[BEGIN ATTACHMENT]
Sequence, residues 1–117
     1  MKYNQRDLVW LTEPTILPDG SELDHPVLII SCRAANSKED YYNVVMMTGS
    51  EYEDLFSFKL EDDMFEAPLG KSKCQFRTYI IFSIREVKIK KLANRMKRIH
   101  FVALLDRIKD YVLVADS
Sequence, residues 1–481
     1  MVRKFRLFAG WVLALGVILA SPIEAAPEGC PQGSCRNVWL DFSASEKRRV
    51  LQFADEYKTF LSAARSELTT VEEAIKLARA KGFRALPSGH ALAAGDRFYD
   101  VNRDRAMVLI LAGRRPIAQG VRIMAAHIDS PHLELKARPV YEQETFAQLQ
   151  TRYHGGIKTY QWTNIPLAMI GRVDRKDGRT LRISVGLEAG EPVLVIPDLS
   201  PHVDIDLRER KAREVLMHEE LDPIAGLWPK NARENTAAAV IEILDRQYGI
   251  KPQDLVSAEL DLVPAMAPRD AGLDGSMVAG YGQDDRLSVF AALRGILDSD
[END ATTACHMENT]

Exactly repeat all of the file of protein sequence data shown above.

Sequence, residues 1–117
     1  MKYNQRDLVW LTEPTILPDG SELDHPVLII SCRAANSKED YYNVVMMTGS
    51  EYEDLFSFKL EDDMFEAPLG KSKCQFRTYI IFSIREVKIK KLANRMKRIH
   101  FVALLDRIKD YVLVADS
Sequence, residues 1–481
     1  MVRKFRLFAG WVLALGVILA SPIEAAPEGC PQGSCRNVWL DFSASEKRRV
    51  LQFADEYKTF LSAARSELTT VEEAIKLARA KGFRALPSGH ALAAGDRFYD
   101  VNRDRAMVLI LAGRRPIAQG VRIMAAHIDS PHLELKARPV YEQETFAQLQ
   151  TRYHGGIKTY QWTNIPLAMI GRVDRKDGRT LRISVGLEAG EPVLVIPDLS
   201  PHVDIDLRER KAREVLMHEE LDPIAGLWPK NARENTAAAV IEILDRQYGI
   251  KPQDLVSAEL DLVPAMAPRD AGLDGSMVAG YGQDDRLSVF AALRGILDSD